AMDG

2 of our students with a representative of the myriad foundation

2 of our students with a representative of the myriad foundation

One of the beautiful things to see emerging the last few months is how students of different faiths are helping us with the foodbank. Every few weeks or so a couple of Muslim lads drop by with a car full of food that they have collected from various mosques.  The same day when they paid their last visit we received a cheque for £250 from the local synagogue.  Neither donations had been solicited from either faith community and they were gladly received.  The Muslims run an excellent charity called the Myriad Foundation which aims ‘ To make a positive impact on society and a significant contribution to the community’.  

Another story which was heart-warming  was when two young ladies turned up with two boxes of cakes.  I gratefully received them and asked them what had motivated them to donate them. It turned out that their mother had recently used the foodbank.  She was so grateful that now that she had got out of her temporary crisis, she had held a cake sale to raise money for our foodbank, and so the next week a cheque arrived for a few hundred pounds.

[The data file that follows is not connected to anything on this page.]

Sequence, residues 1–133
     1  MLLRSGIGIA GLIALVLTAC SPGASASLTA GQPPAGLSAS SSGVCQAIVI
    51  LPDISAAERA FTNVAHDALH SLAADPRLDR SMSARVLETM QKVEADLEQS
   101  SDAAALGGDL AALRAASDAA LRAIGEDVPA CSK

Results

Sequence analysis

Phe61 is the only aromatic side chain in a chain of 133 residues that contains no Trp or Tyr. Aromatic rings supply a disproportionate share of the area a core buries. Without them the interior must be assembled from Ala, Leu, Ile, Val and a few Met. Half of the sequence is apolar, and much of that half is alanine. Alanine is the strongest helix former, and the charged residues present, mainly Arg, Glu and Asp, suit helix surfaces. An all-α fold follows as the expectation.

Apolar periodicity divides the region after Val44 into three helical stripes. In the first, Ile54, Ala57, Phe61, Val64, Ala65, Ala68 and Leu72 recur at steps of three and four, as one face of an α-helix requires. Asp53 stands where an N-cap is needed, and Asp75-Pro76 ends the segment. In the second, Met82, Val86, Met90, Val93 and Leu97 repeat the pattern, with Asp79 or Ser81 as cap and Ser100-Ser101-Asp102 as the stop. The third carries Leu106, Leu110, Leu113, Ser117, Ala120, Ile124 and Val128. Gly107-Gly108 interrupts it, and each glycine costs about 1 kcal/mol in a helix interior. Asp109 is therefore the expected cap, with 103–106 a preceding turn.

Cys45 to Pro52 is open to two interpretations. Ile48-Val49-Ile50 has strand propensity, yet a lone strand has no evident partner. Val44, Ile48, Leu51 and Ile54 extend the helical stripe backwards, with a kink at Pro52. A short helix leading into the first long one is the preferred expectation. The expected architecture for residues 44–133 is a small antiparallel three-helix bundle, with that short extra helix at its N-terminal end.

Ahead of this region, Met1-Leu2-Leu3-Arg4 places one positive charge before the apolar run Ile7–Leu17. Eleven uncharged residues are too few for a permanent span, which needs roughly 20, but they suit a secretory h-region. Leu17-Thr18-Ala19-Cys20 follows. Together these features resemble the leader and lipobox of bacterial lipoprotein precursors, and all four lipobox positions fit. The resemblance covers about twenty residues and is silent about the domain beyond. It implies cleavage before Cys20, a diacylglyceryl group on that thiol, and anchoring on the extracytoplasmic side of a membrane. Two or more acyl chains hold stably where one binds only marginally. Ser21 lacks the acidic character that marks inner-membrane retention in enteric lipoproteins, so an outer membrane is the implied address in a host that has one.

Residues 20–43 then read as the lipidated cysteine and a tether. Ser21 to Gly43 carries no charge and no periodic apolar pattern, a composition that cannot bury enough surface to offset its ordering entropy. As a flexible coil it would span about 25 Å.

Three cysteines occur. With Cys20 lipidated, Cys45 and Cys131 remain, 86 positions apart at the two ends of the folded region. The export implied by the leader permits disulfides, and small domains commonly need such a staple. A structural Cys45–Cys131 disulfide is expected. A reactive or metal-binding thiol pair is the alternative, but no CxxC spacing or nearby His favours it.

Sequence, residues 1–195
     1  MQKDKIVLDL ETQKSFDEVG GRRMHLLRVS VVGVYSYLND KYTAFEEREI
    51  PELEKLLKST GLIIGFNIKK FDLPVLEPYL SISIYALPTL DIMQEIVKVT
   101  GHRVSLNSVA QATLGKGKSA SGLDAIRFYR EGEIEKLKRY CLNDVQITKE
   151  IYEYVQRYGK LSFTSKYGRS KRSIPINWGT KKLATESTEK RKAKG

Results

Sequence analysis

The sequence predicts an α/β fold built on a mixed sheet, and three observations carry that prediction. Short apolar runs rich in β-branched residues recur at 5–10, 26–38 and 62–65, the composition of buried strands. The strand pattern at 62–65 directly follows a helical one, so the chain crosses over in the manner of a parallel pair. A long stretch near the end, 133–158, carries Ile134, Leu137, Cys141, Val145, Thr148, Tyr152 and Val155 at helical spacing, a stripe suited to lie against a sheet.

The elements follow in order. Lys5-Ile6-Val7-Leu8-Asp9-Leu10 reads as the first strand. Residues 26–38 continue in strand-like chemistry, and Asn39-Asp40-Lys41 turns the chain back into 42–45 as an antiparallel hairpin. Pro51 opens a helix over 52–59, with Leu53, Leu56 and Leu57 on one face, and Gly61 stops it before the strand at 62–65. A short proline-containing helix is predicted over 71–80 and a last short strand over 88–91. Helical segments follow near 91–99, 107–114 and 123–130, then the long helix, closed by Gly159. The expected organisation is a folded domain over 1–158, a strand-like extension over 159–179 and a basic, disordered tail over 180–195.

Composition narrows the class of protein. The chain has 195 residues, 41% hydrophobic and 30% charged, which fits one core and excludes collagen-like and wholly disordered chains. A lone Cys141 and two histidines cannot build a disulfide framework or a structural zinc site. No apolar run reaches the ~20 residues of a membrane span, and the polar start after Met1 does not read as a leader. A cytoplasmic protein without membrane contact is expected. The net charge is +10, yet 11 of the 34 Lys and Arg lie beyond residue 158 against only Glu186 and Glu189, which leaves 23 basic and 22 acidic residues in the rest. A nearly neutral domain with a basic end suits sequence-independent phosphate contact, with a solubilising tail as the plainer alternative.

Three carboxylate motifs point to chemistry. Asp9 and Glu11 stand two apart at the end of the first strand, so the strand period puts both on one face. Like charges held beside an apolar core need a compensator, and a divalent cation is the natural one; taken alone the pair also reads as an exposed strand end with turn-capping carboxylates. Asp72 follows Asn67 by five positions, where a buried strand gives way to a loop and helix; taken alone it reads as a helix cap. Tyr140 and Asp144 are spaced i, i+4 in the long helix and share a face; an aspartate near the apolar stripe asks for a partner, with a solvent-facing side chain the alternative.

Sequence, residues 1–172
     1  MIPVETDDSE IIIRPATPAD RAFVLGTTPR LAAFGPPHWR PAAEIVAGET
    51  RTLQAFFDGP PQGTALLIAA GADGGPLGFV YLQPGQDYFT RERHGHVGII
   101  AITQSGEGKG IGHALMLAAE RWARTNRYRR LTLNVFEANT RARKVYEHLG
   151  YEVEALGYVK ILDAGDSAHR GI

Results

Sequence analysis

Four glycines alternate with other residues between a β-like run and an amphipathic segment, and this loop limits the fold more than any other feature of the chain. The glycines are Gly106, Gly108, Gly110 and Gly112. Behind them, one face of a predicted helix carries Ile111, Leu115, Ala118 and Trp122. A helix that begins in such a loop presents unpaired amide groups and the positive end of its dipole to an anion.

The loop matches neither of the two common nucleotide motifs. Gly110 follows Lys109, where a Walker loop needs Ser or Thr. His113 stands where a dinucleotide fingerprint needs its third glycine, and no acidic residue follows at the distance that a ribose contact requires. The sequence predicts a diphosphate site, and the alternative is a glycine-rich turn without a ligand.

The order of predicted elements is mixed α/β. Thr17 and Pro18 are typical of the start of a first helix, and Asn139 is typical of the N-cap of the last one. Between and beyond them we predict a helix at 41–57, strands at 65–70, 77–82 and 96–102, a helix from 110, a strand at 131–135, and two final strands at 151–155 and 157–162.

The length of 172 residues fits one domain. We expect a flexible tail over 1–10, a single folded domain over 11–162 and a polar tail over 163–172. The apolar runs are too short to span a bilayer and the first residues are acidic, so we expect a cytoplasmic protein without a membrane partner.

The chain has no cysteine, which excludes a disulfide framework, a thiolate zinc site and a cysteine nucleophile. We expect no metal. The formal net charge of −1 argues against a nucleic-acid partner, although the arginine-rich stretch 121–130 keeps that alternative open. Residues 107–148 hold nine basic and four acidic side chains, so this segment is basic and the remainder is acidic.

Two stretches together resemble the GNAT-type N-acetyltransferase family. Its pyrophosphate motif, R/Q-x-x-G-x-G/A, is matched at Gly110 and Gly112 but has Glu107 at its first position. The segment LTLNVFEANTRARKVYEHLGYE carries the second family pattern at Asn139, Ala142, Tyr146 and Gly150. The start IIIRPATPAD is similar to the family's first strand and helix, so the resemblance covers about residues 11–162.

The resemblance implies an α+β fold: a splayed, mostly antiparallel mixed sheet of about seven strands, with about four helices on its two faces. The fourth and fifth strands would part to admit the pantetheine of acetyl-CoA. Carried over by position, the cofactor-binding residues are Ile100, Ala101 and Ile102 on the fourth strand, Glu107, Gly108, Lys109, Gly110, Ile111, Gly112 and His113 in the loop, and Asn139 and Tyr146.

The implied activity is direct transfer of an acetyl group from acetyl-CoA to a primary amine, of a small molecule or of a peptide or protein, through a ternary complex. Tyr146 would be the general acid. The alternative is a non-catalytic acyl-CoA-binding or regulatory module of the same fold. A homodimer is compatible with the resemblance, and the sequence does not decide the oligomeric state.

At the recent National Conference of the Trussel Trust – I attended a workshop on how to receive the stories of our clients.  At first we were reluctant to ‘pry’ into the reasons why people were coming for the foodbank.  However we have since learnt that we actually have a duty to give people the option to tell their stories.  It seems that about 80% of the users are all to keen to tell their stories (we have had been able to help over 1,300 people so far).  The Trussel Trust are keen to get their stories’out there’ in order to challenge the negative stereotypes and myths of ‘scroungers’ that seems to poison the public debate about poverty in this country.  The stories initially are taken anonymously and will be posted up on our blog (link), and then the majority of clients give permission to use them with media outlets / or journalists who get in touch – this time with some independent verification.